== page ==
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Figure 7: Photo of the EPS (image credit: StudSat consortium)

OBC (On-Board Computer): Centralized 32-bit microcontroller with 90 MIPS of maximum execution speed. Use of I2C bus for on-board communications. Atmel’s ARM based AVR32 UC3A0512 microcontroller is used. The OBC features an 18 pin SOIC with embedded crystal with I2C protocol for commanding and kicking. Another important feature is it's battery back-up for the RTC.

The C&DH (Command and Data Handling) subsystem includes a 512 kB FRAM (Ferroelectric Random Access Memory) non-volatile memory. It has enough space to store one image and telemetry data. FRAM technology is radiation resistant and reliable even at higher temperatures. Data can be written at a maximum rate of 9 MB/s so the data can be directly transferred into memory from the CMOS sensor.

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Figure 8: Photo of the OBC (image credit: StudSat consortium)

The OBC software is based on RTOS (Real Time Operating System).The RTOS provides multi-tasking of various programs to ensure real-time response of the system. The different modules in the application layer control and perform various essential functions of the satellite. The RTOS is responsible for coordinating all satellite systems, acquiring sensor data and storing it in memory, encoding and decoding of data, and communicating with the ground station. The on board computer team has chosen VxWorks as the RTOS.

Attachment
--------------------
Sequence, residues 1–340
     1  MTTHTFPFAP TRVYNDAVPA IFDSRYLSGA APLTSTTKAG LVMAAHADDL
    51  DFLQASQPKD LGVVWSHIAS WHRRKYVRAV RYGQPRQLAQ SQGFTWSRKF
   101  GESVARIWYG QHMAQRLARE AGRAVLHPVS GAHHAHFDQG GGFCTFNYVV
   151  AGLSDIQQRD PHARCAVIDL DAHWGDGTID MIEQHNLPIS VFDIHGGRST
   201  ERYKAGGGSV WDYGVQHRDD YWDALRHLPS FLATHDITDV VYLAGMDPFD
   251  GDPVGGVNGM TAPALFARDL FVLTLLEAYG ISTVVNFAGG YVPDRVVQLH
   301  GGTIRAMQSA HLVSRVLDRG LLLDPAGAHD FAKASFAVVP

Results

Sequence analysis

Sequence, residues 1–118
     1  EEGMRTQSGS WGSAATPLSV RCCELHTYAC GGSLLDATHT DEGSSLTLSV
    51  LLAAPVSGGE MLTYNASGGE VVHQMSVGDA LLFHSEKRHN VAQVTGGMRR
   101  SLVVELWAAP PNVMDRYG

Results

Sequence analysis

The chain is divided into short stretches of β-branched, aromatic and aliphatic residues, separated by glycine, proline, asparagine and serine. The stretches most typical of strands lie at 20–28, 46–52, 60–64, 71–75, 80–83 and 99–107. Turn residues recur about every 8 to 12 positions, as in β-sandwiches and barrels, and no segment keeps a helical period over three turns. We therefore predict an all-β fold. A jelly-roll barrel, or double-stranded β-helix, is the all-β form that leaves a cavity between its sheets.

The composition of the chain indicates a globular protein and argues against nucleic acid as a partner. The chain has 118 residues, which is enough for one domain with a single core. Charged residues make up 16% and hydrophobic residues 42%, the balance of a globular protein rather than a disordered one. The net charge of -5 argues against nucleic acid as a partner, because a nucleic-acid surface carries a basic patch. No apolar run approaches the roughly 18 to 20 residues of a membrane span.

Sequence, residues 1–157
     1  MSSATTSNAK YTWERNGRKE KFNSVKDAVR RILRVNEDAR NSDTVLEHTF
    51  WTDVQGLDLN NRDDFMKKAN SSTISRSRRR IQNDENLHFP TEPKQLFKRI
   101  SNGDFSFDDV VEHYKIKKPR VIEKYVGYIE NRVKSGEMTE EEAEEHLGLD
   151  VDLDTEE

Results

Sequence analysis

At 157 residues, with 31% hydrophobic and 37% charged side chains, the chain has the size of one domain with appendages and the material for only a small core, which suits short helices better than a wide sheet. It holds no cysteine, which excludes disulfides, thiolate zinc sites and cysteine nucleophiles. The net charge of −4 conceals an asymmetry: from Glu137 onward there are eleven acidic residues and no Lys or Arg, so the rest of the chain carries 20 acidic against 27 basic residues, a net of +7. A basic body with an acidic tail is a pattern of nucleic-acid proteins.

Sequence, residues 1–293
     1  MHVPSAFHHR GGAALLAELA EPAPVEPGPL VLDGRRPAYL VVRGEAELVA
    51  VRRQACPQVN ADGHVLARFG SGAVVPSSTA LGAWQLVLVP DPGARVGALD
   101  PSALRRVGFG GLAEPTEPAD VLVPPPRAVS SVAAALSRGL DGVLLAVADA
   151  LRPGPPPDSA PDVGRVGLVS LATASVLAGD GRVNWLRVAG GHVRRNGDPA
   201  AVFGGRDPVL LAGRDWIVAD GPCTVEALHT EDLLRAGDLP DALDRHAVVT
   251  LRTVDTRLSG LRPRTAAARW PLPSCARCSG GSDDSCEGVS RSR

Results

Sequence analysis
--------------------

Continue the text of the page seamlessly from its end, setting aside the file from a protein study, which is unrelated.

RF communications: Half duplex communication in the UHF band (437.5 MHz, 1 W output)) at a data rate of 4.8 kbit/s in downlink and uplink. Two sets of 2 monopole antennas are used, the modulation scheme is FSK. In addition, a CW (Continuous Wave) UHF beacon is used (20 bit/s in uplink and downlink, ASK Morse code modulation). The AX.25 protocol is used for data transmissions.

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Figure 9: Functional block diagram of the StudSat spacecraft (image credit: StudSat consortium)

Launch: StudSat-1 was launched as a secondary payload on July 12, 2010 on the PSLV vehicle of ISRO (PSLV-C15). The launch site was SDSC (Satish Dhawan Space Center) SHAR, the ISRO launch center on the south-east coast of India, Sriharikota. The primary spacecraft on this flight was CartoSat-2B of India (694 kg) of ISRO. 8)

Further secondary payloads on this flight were:

• AlSat-2A, a high-resolution optical imaging satellite of CNTS (Algerian National Space Technology Centre), developed by EADS Astrium SAS of France. AlSat-2A has a mass of 116 kg.